Chapter

Privatization of Military Flights in the Mesh of International and National Law

Birgit Schmidt am Busch

in From Bilateralism to Community Interest

Published in print March 2011 | ISBN: 9780199588817
Published online May 2011 | e-ISBN: 9780191725272 | DOI: http://dx.doi.org/10.1093/acprof:oso/9780199588817.003.0077
Privatization of Military Flights in the Mesh of International and National Law

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The privatization of militarily motivated activities raises new questions under international and national law with respect to the conduct of third States. Because of the increasing practice of privatization of military functions, third States can easily become involved in the illegal conduct of other States. The application of the prohibition of inter-State complicity in illegal armed conflicts, which can be derived from various sources of international law, does not depend on the pattern of organization the aggressor State chooses for its preparatory actions. The key factor is whether authorities of the third State significantly contribute to the carrying out of the armed attack in awareness of the circumstances. In order to avoid Germany being responsible for a violation of the prohibition of inter-State complicity, Articles 25 and 26 Basic Law are to be interpreted as guaranteeing that each authority involved decides for itself whether support given to private contractors deployed by an aggressor State constitutes illegal complicit conduct. This is the most effective way to ensure that Germany does not participate in any illegal war activities of other States in times where privatization of essential sovereign functions has become a reality in international relations.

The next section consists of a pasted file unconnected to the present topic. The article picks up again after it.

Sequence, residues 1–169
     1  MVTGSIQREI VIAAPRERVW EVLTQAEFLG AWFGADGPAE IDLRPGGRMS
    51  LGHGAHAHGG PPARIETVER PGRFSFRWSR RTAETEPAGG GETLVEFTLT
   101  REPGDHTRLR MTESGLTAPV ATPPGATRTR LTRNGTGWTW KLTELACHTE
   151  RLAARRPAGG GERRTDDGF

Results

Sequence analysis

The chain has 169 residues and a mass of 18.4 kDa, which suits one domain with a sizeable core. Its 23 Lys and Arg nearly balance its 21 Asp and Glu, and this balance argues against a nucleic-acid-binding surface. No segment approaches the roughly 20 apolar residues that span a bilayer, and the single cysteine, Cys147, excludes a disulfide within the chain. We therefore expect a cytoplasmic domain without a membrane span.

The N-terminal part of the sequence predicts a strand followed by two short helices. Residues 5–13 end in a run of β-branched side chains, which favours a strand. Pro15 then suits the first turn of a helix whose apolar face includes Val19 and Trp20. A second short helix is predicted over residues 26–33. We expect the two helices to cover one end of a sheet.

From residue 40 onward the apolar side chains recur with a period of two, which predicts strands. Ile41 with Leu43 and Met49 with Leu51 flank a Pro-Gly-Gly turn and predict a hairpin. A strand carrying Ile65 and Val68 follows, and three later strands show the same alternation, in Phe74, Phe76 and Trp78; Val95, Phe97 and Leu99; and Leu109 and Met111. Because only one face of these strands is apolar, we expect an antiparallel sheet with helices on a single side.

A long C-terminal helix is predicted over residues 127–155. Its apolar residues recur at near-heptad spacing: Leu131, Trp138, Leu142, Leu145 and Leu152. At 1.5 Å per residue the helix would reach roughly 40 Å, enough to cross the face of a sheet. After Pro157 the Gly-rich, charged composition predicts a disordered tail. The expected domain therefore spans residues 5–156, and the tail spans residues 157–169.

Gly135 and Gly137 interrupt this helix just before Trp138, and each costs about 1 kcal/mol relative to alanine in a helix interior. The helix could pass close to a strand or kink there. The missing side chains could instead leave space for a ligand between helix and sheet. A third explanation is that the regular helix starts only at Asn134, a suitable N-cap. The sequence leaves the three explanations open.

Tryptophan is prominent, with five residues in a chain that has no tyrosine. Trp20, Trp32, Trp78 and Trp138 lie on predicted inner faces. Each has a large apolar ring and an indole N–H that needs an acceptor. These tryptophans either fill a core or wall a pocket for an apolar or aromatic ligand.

Keywords: international law; national law; third states; military flights; privatization; Germany

Chapter.  7791 words. 

Subjects: Public International Law

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